Washington State Gov. Jay Inslee (Photo: Inslee) Washington State Gov. Jay Inslee (Photo: Inslee)

Washington state Gov. Jay Inslee rocked the U.S. health finance policy world Monday by signing Senate Bill 5526 — a bill that could create a new, government-run, “public option” health plan program.

Reports about the birth of the new “Cascade Care” public option program made headlines throughout the country.

(Related: New York, Minnesota Sue Feds Over ACA Subsidy Cuts)

But states have often started, then stopped, efforts to create ambitious new health finance programs, after fierce stakeholder opposition erupted, or the architects themselves concluded that the programs would cost too much, or be too hard to pay for.

A Democratic governor in Vermont, for example, gave up on an effort to start a state-run single-payer health care program there in 2014.

And a close look at the text of the new Cascade Care law suggests that the Cascade Care plans could be more like a standardized, state-blessed version of the plans units of Centene Corp. and Molina Healthcare Inc. already offer through many Affordable Care Act exchange plan programs than like a Medicare for All-style single-payer health care program.

Here’s a look at five other things agents and brokers might want to know about the Cascade Care text.

1. The new law would create a new set of standardized individual major medical plans that would be sold by all Washington state exchange plan issuers.

Managers of Washington’s state-run ACA exchange program, the Washington Healthplanfinder program, would have to come up with at least one “standardized health plan” design, and as many as three standardized health plan designs, that would be available with bronze, silver and gold benefits levels.

Starting Jan. 1, 2021, each health insurer that sold any coverage through the Washington Healthplanfinder exchange would have to offer at least one silver standardized health plan through the exchange, and at least one gold standardized health plan.

An insurer could still sell nonstandardized health plans through the exchange.

Insurers already sell standardized health insurance policies through the Medicare supplement insurance program, and the Washington state standardized plan provision is similar to a program federal ACA exchange system regulators were developing while former President Barack Obama was in office.

2. The Washington State Health Care Authority would have to work with one or more carriers to provide at least one bronze, silver and gold exchange plan in each county in the state, starting with the 2021 plan year.

The goal of this provision would be to make sure that every county in the state offers residents a choice of ACA exchange plans, according to the bill text.

The state health care authority would buy the coverage from private carriers. The text says nothing about whether the carriers would work with agents or brokers, let alone pay sales commissions, but private companies would provide the coverage.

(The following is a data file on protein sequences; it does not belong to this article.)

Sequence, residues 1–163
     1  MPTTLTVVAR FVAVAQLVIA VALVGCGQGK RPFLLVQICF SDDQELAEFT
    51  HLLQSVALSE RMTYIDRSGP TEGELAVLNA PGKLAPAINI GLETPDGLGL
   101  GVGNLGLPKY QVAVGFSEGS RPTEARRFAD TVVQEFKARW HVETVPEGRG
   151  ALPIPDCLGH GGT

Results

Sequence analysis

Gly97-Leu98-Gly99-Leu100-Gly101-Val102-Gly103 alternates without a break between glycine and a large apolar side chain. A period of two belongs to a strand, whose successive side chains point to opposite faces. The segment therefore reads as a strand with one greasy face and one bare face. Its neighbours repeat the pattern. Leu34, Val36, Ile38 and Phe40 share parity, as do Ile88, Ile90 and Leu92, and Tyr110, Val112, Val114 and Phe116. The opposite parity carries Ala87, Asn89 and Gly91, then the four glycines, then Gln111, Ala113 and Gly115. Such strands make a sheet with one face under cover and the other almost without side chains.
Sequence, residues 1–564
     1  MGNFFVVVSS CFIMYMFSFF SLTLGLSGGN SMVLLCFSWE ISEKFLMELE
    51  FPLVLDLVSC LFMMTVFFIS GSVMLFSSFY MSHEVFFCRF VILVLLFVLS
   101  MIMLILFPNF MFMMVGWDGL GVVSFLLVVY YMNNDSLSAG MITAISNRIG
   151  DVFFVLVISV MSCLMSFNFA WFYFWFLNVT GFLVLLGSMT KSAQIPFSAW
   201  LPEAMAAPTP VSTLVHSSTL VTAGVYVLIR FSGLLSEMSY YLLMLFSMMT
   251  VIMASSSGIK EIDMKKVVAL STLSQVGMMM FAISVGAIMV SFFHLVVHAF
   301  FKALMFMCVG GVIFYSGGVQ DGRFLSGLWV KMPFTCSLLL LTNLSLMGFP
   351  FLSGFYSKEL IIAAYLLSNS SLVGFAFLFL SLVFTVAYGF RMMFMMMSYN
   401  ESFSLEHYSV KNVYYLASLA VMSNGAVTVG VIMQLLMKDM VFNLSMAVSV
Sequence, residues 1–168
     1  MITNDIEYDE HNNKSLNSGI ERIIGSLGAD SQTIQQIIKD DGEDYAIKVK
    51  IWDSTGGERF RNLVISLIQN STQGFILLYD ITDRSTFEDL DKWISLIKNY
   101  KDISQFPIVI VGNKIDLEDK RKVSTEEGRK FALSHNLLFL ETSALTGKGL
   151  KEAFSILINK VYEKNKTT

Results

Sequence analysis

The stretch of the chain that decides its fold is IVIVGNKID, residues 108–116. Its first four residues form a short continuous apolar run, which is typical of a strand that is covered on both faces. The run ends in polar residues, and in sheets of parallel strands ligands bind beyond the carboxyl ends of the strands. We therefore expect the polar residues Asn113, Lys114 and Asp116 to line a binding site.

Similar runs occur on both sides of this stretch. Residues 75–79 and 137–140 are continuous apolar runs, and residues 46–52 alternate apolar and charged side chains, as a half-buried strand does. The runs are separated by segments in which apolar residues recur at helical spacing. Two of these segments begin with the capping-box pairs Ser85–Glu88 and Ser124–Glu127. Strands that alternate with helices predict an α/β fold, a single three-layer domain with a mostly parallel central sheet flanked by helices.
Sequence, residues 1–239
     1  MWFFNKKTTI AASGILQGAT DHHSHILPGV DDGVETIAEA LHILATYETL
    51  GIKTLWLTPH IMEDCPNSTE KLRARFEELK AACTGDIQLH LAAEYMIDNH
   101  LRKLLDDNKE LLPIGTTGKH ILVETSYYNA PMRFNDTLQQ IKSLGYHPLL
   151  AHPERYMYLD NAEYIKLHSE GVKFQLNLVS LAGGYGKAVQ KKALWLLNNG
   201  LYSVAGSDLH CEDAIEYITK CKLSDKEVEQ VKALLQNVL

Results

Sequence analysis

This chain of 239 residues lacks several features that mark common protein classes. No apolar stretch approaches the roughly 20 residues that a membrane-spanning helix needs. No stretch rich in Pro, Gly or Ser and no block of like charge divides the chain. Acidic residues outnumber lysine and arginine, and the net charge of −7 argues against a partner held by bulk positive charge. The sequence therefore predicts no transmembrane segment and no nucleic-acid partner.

3. The new state-procured exchange plans could be tough on health care providers.

The new program might come to life facing resistance from many health care providers.

The new plans would have to be standardized health plans. The carriers offering the plans could use care coordination or care management to control the enrollees’ use of care.

The maximum rate of provider pay in most of the state would be 160% of what Medicare pays.

Analysts at the Congressional Budget Office have estimated that commercial plans typically pay in-network providers reimbursement rates equal to about 200% to 250% of the traditional Medicare rates.

4. The new Cascade Care plans might not actually be that tough on health care providers.

The drafters of the new law have expressed their mixed feelings about the 160% provider reimbursement rate ceiling by including provisions that plans would, or could, use to prop up rates, or even to waive the 160% ceiling.

The law would require, for example, that the new plans pay primary care providers at least 130% of the Medicare reimbursement rates.

The law would set different, more generous reimbursement rate standards for critical access hospitals and community hospitals in rural areas.

If a Cascade Care carrier showed that it could not attract enough providers, with the 160% cap in place, to form an acceptable provider network, it could pay providers more than 160% of Medicare reimbursement rate, if it used other methods to achieve “actuarially sound premiums that are 10% lower” the premiums the carrier charged the year before.

5. The new law also includes a provision that could help more consumers pay for plans that could, in theory, pay agent commissions.

The law calls for the state’s exchange to work with the state health care authority and the insurance commissioner to develop exchange plan premium subsidies for people with modified adjusted gross income (MAGI) under 500% of the federal poverty level.

“The goal of the plan is to enable participating individuals to spend no more than 10% of their modified adjusted gross incomes on premiums,” according to the law text.

Today, the federal ACA premium tax credit program helps only people with MAGI under 400% of the federal poverty law.

The new law would not require any issuer to pay commissions, or even to make good on promises to pay commissions, but, in theory, if exchange plan issuers were paying commissions, middle-income Washington state residents could use the new state premium subsidies to buy coverage from issuers that pay agents, as well as to buy coverage from issuers that do not pay agents.

Resources

Information about S.B. 5526, including a copy of the engrossed substitute version of the text, is available here.

— Read Lawmakers Question ACA Basic Health Program Funding, on ThinkAdvisor.

— Connect with ThinkAdvisor Life/Health on LinkedIn and Twitter.